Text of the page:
The activewear brands packing a sustainable punch
From high-performing natural fabrics to healthy bio-based materials, the sportswear industry isn’t short of ideas to stop plastic from ending up on our skin and in the environment.
By Morgane Nyfeler07 février 2023
It’s a dire reality that synthetics deriving from petrochemicals make up 62% of all fibres produced – polyester being used most widely – and by 2030 these fabrics are expected to reach 75% of global apparel fibre production. Particularly in the sportswear industry where synthetics are valued for their durable and malleable abilities available at a cheap price point, polyester, nylon and elastane are the number one choice. It’s important to note that these fabrics take hundreds of years to break down and will never fully biodegrade – contributing to the 15.1 million tons of textile waste generated every year.
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The environmental and health impact of plastic-based fabrics
In 2015, adidas partnered with Parley for the Oceans to turn marine pollution into sportswear. By the end of 2020, the brand crafted more than 30 million pairs of shoes from plastic bottles, responding to a growing number of consumers sensitive to the environmental damage caused by plastic dumped in the oceans. A great number of brands followed suit and today, many of them are offering activewear made from recycled sources. While it’s a step in the right direction, and certainly helping to fight against plastic waste, it still brings up the problem of microplastics caused by extensively washing synthetics.
We want to inspire all conscious women to live close to nature
Ida Skarp, founder of Seela Studio
About 8% of European microplastics released in the oceans come from synthetic textiles, which is estimated at up to 35% globally. When washing, five kilograms of synthetic clothing releases an average of nine million microfibres that are carried down the drain with the rinse water. Microplastics are also a potential risk for animals and humans; these particles have been found in our food, water and even in the air we breathe, which could lead to serious health problems such as hormone-related cancers, infertility and neurodevelopment disorders.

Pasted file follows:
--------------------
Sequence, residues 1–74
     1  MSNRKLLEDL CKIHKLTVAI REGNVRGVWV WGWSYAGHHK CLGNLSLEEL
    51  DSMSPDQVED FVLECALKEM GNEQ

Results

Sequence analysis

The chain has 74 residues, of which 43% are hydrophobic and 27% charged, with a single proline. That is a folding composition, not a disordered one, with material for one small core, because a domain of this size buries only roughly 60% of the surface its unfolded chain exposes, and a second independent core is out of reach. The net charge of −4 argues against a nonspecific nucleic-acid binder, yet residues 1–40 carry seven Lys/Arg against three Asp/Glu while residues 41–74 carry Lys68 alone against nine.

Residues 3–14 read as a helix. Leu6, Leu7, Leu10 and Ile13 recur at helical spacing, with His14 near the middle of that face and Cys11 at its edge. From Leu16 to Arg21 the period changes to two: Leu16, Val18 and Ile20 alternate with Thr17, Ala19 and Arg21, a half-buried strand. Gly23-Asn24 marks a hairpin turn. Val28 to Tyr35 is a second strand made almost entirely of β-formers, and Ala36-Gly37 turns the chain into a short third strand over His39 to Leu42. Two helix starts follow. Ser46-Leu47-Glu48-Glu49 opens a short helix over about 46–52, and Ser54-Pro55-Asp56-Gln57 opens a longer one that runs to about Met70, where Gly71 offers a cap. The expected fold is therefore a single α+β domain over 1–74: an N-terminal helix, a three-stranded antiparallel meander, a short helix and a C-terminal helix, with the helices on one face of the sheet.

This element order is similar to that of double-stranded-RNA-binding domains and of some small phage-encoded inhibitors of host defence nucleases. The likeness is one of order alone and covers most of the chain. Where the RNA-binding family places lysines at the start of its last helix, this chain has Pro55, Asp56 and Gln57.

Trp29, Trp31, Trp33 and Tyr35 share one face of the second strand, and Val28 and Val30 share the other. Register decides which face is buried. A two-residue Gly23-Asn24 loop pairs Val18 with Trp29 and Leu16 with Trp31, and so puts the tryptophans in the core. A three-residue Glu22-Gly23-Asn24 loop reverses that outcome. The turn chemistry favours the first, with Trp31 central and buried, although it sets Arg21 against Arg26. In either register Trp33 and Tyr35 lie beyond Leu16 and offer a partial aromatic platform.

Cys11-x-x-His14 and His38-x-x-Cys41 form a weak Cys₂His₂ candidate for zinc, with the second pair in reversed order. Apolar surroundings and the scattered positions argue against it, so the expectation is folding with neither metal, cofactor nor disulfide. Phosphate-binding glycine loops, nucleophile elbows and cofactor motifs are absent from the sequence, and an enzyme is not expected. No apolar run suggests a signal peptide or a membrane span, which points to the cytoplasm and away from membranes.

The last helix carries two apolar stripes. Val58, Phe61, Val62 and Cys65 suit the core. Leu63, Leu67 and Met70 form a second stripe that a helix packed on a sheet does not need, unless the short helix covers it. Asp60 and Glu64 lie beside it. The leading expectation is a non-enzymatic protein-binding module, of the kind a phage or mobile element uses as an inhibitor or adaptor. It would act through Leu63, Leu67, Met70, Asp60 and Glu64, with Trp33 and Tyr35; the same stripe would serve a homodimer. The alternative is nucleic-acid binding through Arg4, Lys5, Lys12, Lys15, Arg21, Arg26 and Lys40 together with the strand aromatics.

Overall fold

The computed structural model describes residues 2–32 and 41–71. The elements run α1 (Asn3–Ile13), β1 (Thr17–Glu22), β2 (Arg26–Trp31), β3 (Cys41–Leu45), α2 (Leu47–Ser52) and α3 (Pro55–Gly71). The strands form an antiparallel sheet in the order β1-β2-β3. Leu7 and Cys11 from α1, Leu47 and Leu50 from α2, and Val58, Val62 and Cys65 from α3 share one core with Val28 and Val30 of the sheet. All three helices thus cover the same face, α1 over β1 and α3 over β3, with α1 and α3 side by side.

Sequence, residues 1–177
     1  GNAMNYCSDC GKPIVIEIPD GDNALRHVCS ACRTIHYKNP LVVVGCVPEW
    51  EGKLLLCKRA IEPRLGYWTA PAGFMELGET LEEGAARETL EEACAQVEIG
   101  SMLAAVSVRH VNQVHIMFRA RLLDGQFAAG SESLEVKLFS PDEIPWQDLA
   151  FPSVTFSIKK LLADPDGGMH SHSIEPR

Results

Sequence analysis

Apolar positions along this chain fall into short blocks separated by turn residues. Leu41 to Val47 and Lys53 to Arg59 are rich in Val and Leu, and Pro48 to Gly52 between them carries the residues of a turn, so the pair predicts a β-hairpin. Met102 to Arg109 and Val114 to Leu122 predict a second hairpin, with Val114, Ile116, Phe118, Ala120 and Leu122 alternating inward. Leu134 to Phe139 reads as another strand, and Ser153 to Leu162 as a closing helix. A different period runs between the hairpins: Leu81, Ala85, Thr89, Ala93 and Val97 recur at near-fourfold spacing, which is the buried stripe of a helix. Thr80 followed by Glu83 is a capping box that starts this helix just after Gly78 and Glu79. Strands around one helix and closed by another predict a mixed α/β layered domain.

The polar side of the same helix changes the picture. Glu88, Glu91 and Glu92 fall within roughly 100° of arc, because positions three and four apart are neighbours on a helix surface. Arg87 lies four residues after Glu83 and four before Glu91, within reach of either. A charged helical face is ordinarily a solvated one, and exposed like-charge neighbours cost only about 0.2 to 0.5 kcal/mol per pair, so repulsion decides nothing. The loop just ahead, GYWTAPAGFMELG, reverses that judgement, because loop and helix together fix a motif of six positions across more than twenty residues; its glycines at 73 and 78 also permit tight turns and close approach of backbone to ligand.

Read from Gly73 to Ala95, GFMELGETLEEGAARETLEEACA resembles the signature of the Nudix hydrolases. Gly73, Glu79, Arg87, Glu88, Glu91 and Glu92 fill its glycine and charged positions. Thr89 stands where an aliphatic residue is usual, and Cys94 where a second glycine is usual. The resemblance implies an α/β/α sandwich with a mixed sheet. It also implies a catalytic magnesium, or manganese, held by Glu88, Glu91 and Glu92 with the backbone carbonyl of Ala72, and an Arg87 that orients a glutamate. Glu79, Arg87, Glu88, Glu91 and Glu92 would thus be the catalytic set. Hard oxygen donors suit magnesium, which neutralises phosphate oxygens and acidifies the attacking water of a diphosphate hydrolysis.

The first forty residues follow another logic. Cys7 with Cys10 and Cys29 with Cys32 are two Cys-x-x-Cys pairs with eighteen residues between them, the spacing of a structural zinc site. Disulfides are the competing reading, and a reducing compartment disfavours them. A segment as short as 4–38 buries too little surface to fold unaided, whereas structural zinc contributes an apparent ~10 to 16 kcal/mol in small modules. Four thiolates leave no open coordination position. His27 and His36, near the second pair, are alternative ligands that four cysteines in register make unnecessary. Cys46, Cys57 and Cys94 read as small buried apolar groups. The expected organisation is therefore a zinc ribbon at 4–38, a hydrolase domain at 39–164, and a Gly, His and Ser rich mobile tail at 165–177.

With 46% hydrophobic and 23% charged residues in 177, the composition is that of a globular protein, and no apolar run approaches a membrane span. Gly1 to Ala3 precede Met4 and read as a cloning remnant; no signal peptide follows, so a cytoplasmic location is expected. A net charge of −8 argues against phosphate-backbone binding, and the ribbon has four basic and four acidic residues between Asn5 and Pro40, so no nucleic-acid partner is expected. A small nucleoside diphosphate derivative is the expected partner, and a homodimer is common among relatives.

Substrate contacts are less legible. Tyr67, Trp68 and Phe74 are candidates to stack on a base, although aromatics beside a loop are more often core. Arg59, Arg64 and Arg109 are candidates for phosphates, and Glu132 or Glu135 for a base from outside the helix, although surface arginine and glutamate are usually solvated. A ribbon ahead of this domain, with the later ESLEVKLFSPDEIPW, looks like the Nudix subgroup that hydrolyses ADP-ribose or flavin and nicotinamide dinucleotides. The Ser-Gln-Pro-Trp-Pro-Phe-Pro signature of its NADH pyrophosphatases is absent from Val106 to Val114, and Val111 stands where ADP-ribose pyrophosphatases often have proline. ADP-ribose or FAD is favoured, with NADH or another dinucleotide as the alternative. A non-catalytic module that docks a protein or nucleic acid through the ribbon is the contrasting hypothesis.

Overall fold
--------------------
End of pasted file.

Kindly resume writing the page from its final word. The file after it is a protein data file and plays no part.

Aware of these issues, Seela Studio’s founder Ida Skarp set out to find a fabric that could outperform synthetics in her premium activewear. “Seela means mountain and strength,” she explains. “We want to inspire all conscious women to live close to nature, feel their strength within and prioritise their own health.”
Using a patented knitted technology, all the garments are made responsibly in Northern Italy from wildly grown and sustainably sourced castor bean fibre, with antibacterial and thermo-regulating properties, that is equally supportive, comfortable and biodegradable. While a large amount of sportswear contains harmful toxic chemicals, Seela’s leggings and tops are produced with natural dyes – each colour supporting a sustainability programme which the label donates 2% of all purchases to.